BMW is opening an additive manufacturing centre to pool its expertise

Published on June 29, 2020 by Carlota V.

The car manufacturer BMW has just opened a centre dedicated to additive manufacturing: the Additive Manufacturing Campus in Oberschleissheim, north of Munich. Announced in 2019, this opening should enable the German group to accelerate the adoption of additive manufacturing in its activities, both for prototypes and series production. Having benefited from an investment of €15 million, the centre will also focus on research into new 3D printing technologies and associated training for the global roll-out of tool-less production. In this way, the group hopes to become a leader in 3D printing technologies in the automotive sector.

BMW has been focusing on additive manufacturing for more than 25 years, with very promising results, claiming to have 3D printed more than one million parts by the end of 2018. In fact, a number of projects including 3D printed parts, such as the BMW i8 Roadster, are worth mentioning. Milan Nedeljković, member of the BMW AG Board of Directors and responsible for production, explains: “Additive manufacturing is already an integral part of our global production system today, and is established in our digitisation strategy. In the future, new technologies of this kind will further reduce production times and enable us to exploit the potential of tool-free manufacturing even more fully“. The group relies in particular on strong partnerships with Carbon but also Desktop Metal.


In particular, BMW has invested in Desktop Metal machines | Credits: BMW

BMW’s additive manufacturing centre

The manufacturer explains that its new campus currently employs 80 people and is equipped with around 50 industrial, polymer and metal 3D printing solutions. In addition, there are 50 other 3D printers spread around the world. These include HP Multi Jet Fusion, EOS, SLM, Carbon, Desktop Metal and Nexa3D machines. Daniel Schäfer, Senior Vice President, Production Integration and Pilot Plant Integration, BMW Group, adds: “Our goal is to increasingly industrialise 3D printing methods for automotive production and to implement new automation concepts in the process chain. This will enable us to streamline the manufacture of components for series production and accelerate development. At the same time, we are collaborating with vehicle development, component production, purchasing and the supplier network, as well as with various other areas of the company to systematically integrate the technology and use it efficiently“. The numerous printing solutions at the BMW centre should therefore enable higher production volumes, more complex parts to be produced in order to design the vehicles of the future.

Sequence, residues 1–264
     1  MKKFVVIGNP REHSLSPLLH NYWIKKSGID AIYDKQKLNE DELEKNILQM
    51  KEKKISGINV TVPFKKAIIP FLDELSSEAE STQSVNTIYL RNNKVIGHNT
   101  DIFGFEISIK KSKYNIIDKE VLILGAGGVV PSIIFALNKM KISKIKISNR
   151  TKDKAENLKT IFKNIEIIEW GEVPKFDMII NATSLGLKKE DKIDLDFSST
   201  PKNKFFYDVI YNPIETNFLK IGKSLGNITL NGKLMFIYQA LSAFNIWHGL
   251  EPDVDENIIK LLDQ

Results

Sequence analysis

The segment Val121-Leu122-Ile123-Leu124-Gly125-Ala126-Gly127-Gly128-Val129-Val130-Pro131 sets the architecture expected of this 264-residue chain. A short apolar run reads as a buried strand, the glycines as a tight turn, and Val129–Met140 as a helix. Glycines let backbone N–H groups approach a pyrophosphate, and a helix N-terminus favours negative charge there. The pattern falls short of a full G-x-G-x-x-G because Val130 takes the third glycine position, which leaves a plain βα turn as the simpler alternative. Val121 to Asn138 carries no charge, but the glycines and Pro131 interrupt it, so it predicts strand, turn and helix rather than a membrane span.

In addition to production and rapid prototyping, a unit at the BMW centre will be dedicated to research and optimisation of new materials, technologies and processes: the aim of the German group is to automate the additive manufacturing process as much as possible in order to make it even more viable and economical in the long term. To this end, it has begun the Industrialisation and Digitisation of Additive Manufacturing for Automotive Series Production (IDAM) project, which consists of reproducing the entire production chain, from the preparation of digital production to the manufacture and reprocessing of components. Production is expected to reach at least 50,000 series components per year, with more than 10,000 individual and spare parts.

The HP Multi Jet Fusion from BMW’s additive manufacturing centre | Credits: BMW

The other project set up is called POLYLINE, focused on the mass production of plastic parts. The objective is to develop a consistent quality assurance methodology for the entire process chain as well as a digital link of the process steps, enabling manufacturing costs to be reduced by 50%.

Finally, the centre offers training courses in 3D printing to its employees so that they can all become familiar with the technology. Jens Ertel, Director of the Additive Manufacturing Campus, concludes: “To successfully deploy these technologies, we need well-trained colleagues throughout the network who fully understand the benefits and features. To use them, designers will need to adopt a new way of thinking and an entirely new approach when designing the next components. 3D printing makes it possible to produce almost any shape, paving the way for new designs and features. “Find the full official press release HERE.

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